Walking Strong: Dairy Hoof Health Webinar Series (English & Spanish)

When it comes to health issues on a dairy farm, lameness is usually the main concern along with mastitis and reproductive issues. Lameness includes any abnormality which causes a cow to change the way she walks. It can be caused by a range of foot and leg conditions including foot rot, digital dermatitis, laminitis, and claw disease. Lameness can be influenced by nutrition, disease, genetic influences, management, and environmental factors. Not only does lameness cause pain and distress for dairy cattle, but it also has a large economic impact on the dairy operation.

Dairy & Livestock Agent Tina Kohlman collaborated with Extension Dane County Dairy Educator Maria Jose Fuenzalida, Extension Kewaunee County Agriculture Agent Aerica Bjurstrom, and UW School of Veterinary Medicine Associate Professor Dorte Dopher in developing, organizing, and presenting the three-part bilingual “Walking Strong Hoof Health” webinar series for dairy workers.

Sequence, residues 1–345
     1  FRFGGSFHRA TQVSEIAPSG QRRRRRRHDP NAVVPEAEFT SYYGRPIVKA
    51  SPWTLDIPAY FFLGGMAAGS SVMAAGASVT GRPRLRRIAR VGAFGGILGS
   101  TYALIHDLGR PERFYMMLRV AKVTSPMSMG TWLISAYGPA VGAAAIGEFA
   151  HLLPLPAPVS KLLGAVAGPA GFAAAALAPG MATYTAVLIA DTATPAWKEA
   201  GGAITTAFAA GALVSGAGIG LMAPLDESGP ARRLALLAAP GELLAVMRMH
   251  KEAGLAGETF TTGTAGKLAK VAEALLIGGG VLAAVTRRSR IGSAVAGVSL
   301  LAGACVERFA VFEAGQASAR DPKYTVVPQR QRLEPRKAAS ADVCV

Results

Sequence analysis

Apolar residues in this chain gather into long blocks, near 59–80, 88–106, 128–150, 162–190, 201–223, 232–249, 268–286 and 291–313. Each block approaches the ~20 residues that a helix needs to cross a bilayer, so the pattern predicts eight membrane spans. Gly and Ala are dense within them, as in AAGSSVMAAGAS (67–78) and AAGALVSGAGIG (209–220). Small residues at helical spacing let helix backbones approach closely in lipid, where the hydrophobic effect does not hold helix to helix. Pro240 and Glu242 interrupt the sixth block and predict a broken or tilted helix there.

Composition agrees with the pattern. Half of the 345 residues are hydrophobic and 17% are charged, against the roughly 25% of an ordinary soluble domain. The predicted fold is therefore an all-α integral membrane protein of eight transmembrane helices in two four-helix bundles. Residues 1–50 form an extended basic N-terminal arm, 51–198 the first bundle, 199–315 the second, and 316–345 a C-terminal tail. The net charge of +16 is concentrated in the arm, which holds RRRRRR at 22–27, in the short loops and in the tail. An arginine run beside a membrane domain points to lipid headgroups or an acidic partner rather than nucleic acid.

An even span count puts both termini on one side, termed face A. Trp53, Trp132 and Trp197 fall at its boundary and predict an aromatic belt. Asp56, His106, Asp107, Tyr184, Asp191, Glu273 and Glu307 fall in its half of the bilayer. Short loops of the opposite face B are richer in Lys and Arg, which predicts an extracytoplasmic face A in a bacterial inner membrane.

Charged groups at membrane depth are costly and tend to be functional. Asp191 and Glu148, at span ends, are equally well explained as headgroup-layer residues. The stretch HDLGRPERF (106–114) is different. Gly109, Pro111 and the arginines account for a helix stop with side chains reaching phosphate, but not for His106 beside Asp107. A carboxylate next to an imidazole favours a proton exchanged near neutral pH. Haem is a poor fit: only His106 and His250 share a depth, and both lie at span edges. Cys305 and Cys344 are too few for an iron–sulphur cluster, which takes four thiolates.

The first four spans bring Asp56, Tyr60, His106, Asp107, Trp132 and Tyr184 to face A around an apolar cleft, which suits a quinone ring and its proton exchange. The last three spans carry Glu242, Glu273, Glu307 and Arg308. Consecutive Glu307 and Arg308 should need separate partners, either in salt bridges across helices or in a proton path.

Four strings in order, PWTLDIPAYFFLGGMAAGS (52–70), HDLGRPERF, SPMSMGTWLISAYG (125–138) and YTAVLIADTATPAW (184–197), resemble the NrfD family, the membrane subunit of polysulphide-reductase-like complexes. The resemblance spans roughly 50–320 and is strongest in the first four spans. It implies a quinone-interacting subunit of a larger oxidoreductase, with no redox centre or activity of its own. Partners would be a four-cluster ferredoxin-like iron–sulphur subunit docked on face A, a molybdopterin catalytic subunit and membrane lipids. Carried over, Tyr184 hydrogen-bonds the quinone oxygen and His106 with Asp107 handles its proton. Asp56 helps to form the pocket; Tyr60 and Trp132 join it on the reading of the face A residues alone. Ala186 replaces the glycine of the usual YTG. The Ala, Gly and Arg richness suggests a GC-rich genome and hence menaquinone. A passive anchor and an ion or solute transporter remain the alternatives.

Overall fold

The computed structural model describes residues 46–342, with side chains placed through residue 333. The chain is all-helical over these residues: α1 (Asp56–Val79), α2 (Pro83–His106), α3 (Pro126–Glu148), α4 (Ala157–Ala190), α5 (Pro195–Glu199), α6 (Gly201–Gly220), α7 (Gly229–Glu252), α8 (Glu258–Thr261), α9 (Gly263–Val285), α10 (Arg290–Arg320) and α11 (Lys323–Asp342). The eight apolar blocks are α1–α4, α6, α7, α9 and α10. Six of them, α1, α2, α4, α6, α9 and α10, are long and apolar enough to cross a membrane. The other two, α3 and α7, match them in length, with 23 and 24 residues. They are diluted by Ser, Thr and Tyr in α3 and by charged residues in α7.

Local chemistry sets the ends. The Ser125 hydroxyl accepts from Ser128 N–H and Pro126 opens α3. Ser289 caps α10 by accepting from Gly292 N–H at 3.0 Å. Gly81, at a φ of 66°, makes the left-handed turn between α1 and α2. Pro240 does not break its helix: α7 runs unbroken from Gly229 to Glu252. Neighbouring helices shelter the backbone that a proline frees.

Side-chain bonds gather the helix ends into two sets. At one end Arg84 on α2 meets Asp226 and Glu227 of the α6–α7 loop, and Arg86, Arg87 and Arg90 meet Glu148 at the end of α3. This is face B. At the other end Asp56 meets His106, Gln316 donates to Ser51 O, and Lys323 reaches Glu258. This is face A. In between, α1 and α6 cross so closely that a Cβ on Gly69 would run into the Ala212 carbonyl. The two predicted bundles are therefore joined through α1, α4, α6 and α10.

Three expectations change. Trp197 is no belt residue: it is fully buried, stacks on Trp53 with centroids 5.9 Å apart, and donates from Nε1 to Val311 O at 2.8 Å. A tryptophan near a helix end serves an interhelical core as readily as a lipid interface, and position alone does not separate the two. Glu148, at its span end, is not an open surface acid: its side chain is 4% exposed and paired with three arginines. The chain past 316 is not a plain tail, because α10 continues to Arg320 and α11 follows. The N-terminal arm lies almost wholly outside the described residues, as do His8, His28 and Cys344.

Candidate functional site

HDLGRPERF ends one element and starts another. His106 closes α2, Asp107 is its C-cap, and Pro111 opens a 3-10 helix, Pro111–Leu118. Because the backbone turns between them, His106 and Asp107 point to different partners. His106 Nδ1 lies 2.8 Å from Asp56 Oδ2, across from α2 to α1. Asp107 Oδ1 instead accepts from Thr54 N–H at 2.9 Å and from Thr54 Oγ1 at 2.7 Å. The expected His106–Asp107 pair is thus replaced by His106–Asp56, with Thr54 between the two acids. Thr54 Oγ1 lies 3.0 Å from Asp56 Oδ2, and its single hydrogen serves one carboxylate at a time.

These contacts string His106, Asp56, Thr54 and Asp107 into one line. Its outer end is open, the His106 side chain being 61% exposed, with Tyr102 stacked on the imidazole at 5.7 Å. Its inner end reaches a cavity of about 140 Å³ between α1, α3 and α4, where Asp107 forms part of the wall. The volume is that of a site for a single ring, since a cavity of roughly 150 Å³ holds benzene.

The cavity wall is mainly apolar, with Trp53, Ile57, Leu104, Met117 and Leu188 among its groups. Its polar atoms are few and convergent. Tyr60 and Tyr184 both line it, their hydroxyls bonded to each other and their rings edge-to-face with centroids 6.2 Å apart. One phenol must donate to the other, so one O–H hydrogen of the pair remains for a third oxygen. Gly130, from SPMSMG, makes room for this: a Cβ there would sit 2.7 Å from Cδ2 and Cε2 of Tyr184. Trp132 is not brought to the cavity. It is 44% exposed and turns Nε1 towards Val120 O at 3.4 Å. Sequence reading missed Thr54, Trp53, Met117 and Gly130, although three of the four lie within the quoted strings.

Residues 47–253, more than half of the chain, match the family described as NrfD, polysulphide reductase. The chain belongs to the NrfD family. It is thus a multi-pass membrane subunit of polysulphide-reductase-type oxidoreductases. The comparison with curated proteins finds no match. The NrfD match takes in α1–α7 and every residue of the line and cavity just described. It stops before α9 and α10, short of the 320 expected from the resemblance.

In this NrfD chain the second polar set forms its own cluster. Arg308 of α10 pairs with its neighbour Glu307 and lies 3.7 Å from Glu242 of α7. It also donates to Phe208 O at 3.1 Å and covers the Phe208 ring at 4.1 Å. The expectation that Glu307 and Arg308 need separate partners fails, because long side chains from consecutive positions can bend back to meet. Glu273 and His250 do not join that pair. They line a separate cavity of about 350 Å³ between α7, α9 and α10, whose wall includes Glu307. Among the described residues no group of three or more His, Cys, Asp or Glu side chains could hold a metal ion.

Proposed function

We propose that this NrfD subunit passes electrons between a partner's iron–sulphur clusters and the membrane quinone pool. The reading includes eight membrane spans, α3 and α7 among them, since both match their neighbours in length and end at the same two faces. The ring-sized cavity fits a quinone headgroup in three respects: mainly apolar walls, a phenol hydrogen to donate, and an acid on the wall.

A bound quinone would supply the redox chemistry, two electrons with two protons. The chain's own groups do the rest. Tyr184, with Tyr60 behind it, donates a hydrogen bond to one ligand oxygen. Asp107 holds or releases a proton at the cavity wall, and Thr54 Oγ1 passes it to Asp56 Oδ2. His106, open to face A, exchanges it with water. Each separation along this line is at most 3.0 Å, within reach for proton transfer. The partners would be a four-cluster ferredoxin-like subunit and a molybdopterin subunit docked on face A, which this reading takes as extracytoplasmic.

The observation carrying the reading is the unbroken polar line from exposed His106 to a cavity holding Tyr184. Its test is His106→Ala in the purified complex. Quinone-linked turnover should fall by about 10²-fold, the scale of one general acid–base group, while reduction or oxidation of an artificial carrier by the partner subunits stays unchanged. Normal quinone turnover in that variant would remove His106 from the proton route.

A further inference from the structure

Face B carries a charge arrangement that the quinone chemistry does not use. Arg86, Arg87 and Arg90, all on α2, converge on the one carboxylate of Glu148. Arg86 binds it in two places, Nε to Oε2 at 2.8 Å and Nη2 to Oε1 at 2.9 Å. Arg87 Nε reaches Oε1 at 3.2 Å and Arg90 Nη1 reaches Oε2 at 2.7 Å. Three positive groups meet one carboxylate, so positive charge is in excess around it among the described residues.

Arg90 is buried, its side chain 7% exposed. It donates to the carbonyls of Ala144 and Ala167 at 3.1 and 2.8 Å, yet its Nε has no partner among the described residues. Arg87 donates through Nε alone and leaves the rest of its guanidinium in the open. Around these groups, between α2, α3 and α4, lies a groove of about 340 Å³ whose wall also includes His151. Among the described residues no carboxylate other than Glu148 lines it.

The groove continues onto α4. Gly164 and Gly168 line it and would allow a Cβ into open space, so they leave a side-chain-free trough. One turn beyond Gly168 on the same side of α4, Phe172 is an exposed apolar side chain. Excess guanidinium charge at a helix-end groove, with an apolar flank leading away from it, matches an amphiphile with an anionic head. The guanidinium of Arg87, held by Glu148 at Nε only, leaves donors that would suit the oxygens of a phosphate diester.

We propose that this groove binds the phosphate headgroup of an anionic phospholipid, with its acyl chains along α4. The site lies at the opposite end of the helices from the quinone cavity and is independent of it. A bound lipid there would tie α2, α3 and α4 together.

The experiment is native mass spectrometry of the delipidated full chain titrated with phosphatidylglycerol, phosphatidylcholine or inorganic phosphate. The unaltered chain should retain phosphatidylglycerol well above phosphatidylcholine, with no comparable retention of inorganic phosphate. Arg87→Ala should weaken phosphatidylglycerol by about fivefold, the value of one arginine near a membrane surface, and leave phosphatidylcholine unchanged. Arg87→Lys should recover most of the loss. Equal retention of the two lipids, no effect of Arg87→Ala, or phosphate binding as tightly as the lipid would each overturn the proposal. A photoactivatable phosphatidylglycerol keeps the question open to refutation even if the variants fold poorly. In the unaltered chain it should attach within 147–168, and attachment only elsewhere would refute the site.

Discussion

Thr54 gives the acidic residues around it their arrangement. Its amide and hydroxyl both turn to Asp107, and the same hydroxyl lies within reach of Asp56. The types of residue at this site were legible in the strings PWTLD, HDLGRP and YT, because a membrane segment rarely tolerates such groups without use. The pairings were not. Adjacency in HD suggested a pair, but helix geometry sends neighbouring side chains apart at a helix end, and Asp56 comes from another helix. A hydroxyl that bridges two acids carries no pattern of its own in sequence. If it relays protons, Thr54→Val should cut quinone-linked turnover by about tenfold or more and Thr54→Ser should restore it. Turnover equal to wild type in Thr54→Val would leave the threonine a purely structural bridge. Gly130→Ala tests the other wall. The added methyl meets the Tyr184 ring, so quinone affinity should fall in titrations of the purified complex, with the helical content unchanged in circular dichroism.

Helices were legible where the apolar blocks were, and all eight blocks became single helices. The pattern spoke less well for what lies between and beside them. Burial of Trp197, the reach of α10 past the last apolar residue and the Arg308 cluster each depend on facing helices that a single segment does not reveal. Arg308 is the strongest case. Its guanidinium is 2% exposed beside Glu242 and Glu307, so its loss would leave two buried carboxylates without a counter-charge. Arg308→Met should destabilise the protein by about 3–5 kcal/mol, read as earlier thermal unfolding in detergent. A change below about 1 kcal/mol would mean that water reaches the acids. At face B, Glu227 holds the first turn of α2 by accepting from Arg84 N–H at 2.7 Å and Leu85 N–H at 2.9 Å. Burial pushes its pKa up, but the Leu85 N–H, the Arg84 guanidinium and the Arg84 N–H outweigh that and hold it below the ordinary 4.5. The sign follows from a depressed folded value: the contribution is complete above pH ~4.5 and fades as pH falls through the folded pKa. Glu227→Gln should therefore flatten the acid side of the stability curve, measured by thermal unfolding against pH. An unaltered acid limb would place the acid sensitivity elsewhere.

Designed with the Spanish-speaking audience in mind, participants learned how to identify, treat, control, and manage infectious claw diseases in the milking herd and the replacement herd, as well as herds milked in an automated milking system.

When it comes to managing digital dermatitis (hairy heel warts), the key facts include:

  • One cannot cure digital dermatitis, only be able to manage chronic digital dermatitis in an inactive state to minimize the spread of the infectious hoof disease within the herd.
  • When treating an active case of digital dermatitis, the foot wrap holding the medicine in place must be removed by 24 hours or it will serve as a warm, moist area for bacteria to continue growing.
  • The frequency and concentration of footbaths must be monitored as to not increase but decrease the incidences of active digital dermatitis within the herd.
  • Facilities play a key role in hoof health including the type of flooring, manure handling, bedding, and stocking density.
  • The dairy replacement herd (heifers) can bring infectious hoof diseases within the farm.  To determine the source of digital dermatitis within the heifer herd, look at the housing facilities of the heifers 60 to 90 days prior to the age group showing clinical signs and begin treatment in the younger group.

For more information regarding hoof health, visit the “Walking Strong” factsheet series at https://dairy.extension.wisc.edu/.


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